Jihadist Vendetta Takes Out Qaeda Leader
Al-Qaeda’s top leader in Syria was killed on Sunday in a suicide bombing in the city of Aleppo that some rebels say was carried out by a jihadist group recently disowned by Qaeda’s top brass in Pakistan.
The killing of Abu Khalid al-Suri, a veteran jihadist who fought alongside Osama bin Laden, is likely to prompt a redoubling of rebel infighting in northern Syria, which has already seen more than 2,000 insurgents killed since early January, according to opposition activists.
Al-Suri was killed in the Al-Halq area of Aleppo along with half-a-dozen companions, in an attack that pro-opposition analysts and jihadists blamed on the Islamic State of Iraq and Sham (ISIS),
Al-Suri’s killing is further evidence that the wayward ISIS leader, Abu Bakr al-Baghdadi, has no intention of caving in to al-Qaeda’s top leadership and means to pursue a rivalry that is fracturing the jihadist movement and represents the biggest challenge it has faced since U.S. special forces took out bin Laden.
Akram al-Halabi, spokesman for the Islamic Front, a coalition of half-a-dozen Islamist brigades—some which have links with al-Qaeda—told the Associated Press news agency, “unfortunately this is going to make the infighting worse.”
ISIS, which emerged from the Sunni Islamist insurgency in neighboring Iraq, appears to be in fierce competition with al-Qaeda to secure the loyalty of affiliates and offshoots across the Middle East. For months, jihadi religious scholars have been weighing in about al-Baghdadi’s refusal to obey instructions to withdraw ISIS to Iraq and allow al-Qaeda affiliate Jabhat al-Nusra to assume the lead role in Syria.
The Sinai-based Egyptian jihadist group Ansar Bait Al-Maqdis, which claimed responsibility for a suicide bombing of a tourist bus last week in Egypt that left three South Koreans dead and more than a dozen people injured, appears to be siding with ISIS. “There are indications that it is allying itself with ISIS”, says Steven Stalinsky, executive director of the Middle East Media Research Institute, a Washington-DC-based non-profit. He says ISIS “is positioning itself as an alternative to AQ.”
Two rebels told Reuters that five ISIS members had entered the headquarters of Ahrar al-Sham, an Islamist brigade that al-Suri helped to set up, and as four of them fought with guards, one ISIS fighter blew himself up. Al-Suri was “an important jihadi figure, he fought the Americans in Iraq and in Afghanistan. They (ISIS) gave the Americans a present, a free gift, by killing him,” a Syrian rebel close to Ahrar al-Sham told the wire agency.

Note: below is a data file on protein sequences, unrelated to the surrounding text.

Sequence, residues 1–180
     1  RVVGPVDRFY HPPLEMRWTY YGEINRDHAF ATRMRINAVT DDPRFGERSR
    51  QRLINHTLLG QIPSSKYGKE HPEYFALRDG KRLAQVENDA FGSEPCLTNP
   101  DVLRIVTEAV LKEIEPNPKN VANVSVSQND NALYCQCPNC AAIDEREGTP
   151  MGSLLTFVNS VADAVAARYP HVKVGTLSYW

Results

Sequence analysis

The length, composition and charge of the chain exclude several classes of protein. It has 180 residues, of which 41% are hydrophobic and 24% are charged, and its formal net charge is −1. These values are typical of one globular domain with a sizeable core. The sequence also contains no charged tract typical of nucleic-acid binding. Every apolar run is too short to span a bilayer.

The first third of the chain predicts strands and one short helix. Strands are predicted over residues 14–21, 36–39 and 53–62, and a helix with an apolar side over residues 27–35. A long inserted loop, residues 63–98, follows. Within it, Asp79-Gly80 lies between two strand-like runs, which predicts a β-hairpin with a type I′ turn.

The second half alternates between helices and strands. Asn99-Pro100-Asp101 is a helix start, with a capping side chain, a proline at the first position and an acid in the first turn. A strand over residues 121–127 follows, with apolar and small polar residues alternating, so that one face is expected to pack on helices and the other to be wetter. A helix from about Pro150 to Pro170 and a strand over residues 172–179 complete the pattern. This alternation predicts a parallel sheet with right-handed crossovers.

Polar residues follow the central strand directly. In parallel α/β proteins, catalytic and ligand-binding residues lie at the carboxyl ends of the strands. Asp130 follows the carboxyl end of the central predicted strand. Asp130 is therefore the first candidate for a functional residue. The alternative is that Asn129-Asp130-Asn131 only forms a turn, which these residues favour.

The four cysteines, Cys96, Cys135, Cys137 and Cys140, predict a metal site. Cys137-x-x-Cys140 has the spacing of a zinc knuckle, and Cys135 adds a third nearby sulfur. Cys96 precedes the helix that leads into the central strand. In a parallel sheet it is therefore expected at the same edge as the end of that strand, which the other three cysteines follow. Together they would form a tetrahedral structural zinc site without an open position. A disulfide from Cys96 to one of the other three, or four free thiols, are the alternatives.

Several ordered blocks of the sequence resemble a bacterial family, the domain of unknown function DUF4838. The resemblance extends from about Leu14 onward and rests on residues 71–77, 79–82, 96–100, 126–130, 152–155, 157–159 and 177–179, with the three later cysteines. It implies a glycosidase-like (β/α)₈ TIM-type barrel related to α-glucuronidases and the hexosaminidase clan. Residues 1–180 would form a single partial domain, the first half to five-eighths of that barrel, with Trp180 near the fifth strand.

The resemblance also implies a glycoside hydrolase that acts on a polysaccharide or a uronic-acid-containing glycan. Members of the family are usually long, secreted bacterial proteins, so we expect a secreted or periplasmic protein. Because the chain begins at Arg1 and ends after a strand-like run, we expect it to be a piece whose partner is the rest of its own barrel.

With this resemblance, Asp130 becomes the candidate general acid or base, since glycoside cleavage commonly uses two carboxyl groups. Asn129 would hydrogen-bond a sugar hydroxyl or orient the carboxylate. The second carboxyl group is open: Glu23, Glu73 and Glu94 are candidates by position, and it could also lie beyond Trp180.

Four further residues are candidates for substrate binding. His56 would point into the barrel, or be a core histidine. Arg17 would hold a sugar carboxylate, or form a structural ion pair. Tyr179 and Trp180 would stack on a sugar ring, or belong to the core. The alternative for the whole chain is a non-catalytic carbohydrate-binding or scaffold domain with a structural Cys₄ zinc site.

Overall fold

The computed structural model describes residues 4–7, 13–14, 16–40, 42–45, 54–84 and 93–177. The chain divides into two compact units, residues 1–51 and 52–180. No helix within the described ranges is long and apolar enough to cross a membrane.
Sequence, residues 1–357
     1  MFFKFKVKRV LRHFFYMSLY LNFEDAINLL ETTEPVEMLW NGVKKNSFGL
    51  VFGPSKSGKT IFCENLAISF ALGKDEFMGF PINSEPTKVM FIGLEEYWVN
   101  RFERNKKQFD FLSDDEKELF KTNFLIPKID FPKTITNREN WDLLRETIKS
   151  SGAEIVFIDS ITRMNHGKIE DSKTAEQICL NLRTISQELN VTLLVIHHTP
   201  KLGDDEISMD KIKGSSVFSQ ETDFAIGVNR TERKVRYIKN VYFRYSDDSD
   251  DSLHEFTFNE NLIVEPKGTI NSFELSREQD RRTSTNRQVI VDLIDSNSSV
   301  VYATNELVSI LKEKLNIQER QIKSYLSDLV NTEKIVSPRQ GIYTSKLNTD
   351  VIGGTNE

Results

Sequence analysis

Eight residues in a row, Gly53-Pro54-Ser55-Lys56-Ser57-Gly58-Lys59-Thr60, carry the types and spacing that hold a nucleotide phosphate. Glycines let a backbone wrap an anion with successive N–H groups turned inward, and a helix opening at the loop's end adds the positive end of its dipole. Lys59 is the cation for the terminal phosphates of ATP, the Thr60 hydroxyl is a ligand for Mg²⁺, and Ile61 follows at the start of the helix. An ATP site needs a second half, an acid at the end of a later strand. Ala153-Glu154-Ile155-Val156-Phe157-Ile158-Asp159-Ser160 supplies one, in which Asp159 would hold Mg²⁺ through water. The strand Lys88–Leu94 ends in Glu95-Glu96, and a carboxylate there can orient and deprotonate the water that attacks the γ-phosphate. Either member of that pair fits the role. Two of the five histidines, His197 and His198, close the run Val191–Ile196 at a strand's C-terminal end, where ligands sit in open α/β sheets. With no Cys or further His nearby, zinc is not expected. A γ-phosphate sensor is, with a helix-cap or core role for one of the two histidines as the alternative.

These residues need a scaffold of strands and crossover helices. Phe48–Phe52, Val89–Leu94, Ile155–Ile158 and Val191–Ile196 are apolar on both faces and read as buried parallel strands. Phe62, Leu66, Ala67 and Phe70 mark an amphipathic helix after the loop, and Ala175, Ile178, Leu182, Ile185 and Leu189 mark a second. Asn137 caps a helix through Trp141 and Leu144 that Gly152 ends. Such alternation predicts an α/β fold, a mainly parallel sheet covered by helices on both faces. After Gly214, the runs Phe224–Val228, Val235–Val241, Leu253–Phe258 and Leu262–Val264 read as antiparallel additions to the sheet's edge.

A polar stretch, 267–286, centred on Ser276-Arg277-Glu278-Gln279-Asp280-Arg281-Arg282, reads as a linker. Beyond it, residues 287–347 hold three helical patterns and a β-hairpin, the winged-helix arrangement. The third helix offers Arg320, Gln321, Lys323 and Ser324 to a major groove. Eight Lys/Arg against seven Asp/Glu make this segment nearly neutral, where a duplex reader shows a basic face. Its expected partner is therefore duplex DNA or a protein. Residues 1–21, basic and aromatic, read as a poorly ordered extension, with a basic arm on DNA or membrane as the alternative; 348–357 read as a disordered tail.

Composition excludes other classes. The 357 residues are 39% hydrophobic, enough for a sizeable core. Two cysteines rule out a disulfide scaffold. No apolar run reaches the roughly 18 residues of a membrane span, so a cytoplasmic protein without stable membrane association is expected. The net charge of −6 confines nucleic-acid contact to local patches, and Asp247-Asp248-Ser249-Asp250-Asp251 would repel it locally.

Al-Suri’s slaying “ups the ante in a big way,” says Thomas Joscelyn, an al-Qaeda watcher for the U.S.-based think tank The Foundation for the Defense of Democracies. “Assuming ISIS was responsible, and they are the most likely but not only suspects, it is a direct shot at al-Qaeda senior leadership’s authority.”
He adds: “The key now is how al-Qaeda and its preferred rebel groups, Ahrar al-Sham and al Nusra, respond. The longer al-Baghdadi lasts, the stronger ISIS becomes a rival to the al-Qaeda-backed groups. This has turned into a full-fledged blood feud.”
A trusted confidant of al-Qaeda leader Ayman al-Zawahiri, al-Suri was captured in 2005 by Pakistani authorities and was rendered to Syria by the Americans. He was wanted in Europe for a suspected role in the 1985 bombing of a restaurant outside Madrid and for the 2004 bombing in Spain’s capital. He was considered a highly articulate al-Qaeda ideologue and had been seeking in recent weeks to craft a truce in the rebel infighting between ISIS and a loose alliance of Syrian insurgents, including Islamists and other jihadists from al-Nusra.
The internecine warfare erupted after a long-simmering rivalry between brigades affiliated to the Western-backed Free Syrian Army and breakaway Islamists and ISIS, which had conducted a campaign of targeted abductions and assassinations of leading moderate rebels as well as Islamists commanders.
The Aleppo-born al-Suri—his real name was Mohamed Bahaiah—called last month on al-Zawahiri, who appointed him his envoy in Syria, to intervene in the fighting and, in an audio recording posted online, advised al-Qaeda’s overall leader to “cut a patient so as not to damage the whole body, my sheikh.”
Soon thereafter, al-Qaeda’s leadership posted a brief statement on jihadi websites saying it was cutting links with the militant group led by al-Baghdadi, who envisages carving out his own caliphate stretching across the Levant. Some analysts believe al-Baghdadi caused especial offense to core al-Qaeda by describing himself as “Emir of All Believers,” implying that he was the regional emir when al-Zawahiri appointed al-Suri to that position in May 2013.
Some media outlets reported that the breach between al-Qaeda and al-Baghdadi was over al-Zawahiri’s disapproval of the excessive brutality ISIS displayed in areas in northern and eastern Syria it controlled, including beheadings and beatings of anyone who questioned it rule or behaved contrary to its rigid ultraconservative interpretation of Sharia law. In fact, in the al-Qaeda disavowal of the group, which is estimated to number between 10,000 to 15,000 mostly non-Syrian fighters, there was no mention of excessive brutality.
Some analysts argued the disavowal—the first time the terror group’s top leadership has disowned an affiliate—would likely isolate ISIS and could hinder its ability to recruit and fundraise in the Gulf at least in the long-term. That maybe so, but in the short term al-Qaeda’s top leadership is facing a stiff internal challenge to its authority.